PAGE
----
The department in co-operation with localities encourages farmers to adopt this technique and transfers techniques to farmers for growing Táo Bom NT 05, a new jujube variety.

The variety, created by the province’s Nha Hố Research Institute for Cotton and Agriculture Development, is green when ripe, crunchy and two to three times larger than other varieties.

To diversify jujube products, the province has support policies for businesses producing syrups, jams, wines, and juices.

It is developing a tourism model that involves visits to jujube orchards, which will also enable farmers to sell their produce directly to consumers and get extra incomes from providing tourism services.

The province has identified the fruit as one of its 12 key products. 

Cà Mau promotes key agricultural products

The southernmost province of Cà Mau will promote its key agricultural products, especially collective brand names, to increase their value and competitiveness.

The province has 10 products that have been granted collective brand names by the National Office of Intellectual Property.

Most of the collective brand names of the key products are managed and used by agricultural co-operatives and farmer associations.

The province’s key products are favoured by consumers as they have high quality. However, some key products have unstable outlets and low competitiveness as they are mostly produced on a small scale by households and small companies.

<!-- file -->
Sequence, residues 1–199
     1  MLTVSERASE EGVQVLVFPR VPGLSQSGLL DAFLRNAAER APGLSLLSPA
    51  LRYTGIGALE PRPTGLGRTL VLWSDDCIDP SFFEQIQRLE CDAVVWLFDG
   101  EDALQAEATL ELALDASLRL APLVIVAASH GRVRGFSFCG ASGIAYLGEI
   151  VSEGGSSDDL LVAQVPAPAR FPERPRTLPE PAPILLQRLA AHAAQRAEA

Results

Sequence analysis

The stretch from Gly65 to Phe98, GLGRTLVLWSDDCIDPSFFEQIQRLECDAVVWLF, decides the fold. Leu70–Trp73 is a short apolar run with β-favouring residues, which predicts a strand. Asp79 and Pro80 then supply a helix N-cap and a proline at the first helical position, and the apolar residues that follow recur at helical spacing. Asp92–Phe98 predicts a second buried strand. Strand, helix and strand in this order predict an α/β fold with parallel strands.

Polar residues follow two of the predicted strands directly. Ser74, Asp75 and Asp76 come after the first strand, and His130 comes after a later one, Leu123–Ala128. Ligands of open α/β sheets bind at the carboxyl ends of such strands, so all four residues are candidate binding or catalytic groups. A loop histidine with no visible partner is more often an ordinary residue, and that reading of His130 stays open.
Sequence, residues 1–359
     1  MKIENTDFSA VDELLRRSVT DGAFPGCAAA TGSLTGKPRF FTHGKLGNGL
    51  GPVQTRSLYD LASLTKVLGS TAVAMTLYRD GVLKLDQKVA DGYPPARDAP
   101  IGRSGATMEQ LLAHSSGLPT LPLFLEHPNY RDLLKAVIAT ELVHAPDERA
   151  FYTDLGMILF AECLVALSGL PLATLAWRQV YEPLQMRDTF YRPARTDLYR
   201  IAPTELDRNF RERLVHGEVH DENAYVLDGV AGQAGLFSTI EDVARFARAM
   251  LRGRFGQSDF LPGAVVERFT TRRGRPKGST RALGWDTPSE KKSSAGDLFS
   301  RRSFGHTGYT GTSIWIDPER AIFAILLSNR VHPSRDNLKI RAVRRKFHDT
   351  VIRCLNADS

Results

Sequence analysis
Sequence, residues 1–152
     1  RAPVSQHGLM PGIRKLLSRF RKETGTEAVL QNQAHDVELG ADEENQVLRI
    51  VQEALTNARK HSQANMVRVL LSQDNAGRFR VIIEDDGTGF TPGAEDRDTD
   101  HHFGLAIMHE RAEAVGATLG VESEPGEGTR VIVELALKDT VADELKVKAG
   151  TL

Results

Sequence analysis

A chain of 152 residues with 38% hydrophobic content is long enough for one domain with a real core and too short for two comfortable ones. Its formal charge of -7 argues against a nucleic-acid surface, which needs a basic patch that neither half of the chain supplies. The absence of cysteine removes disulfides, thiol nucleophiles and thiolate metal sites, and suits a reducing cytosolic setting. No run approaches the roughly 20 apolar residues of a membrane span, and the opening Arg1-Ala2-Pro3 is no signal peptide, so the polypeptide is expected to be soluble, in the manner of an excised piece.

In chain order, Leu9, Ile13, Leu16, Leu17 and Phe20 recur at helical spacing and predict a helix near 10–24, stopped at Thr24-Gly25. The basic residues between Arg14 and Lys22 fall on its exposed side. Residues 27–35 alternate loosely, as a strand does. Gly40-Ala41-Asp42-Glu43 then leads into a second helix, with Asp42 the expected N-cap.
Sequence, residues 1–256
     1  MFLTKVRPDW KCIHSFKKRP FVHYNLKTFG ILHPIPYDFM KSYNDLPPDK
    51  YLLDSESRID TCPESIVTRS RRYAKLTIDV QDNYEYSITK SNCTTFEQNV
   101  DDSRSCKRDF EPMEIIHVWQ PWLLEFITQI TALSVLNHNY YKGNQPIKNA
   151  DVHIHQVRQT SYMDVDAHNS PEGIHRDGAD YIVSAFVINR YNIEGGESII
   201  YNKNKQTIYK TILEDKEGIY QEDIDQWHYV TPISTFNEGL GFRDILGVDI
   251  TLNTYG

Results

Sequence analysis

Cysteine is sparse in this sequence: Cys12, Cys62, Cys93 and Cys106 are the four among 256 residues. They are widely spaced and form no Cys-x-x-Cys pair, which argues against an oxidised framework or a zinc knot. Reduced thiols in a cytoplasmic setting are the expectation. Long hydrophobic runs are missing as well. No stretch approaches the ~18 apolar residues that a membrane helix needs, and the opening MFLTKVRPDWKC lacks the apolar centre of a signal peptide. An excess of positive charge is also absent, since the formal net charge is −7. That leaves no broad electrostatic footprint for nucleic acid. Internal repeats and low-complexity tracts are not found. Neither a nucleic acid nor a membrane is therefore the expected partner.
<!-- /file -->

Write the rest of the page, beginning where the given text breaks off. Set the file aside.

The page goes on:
The key products of the province include U Minh honey, U Minh dried snakeskin gourami, Rạch Gốc dried shrimp, Năm Căn mud crab, Thới Bình fermented snakehead fish, Cái Nước bulrush, Cái Đôi Vàm dried creamfish, Tân Thành eel fish - marble goby, Trần Hợi dried banana and Mũi Cà Mau shrimp crackers.

In recent years, Cà Mau has organised many trade fairs and product display sites to develop its key products.

It has worked with the departments of industry and trade of HCM City, Hà Nội and other provinces and cities to promote its products to large distributors and wholesale markets since 2016.

Last year, the province’s Department of Industry and Trade worked with five companies in Cà Mau City, Năm Căn and Ngọc Hiển districts to open six sites to display and sell the province’s key products.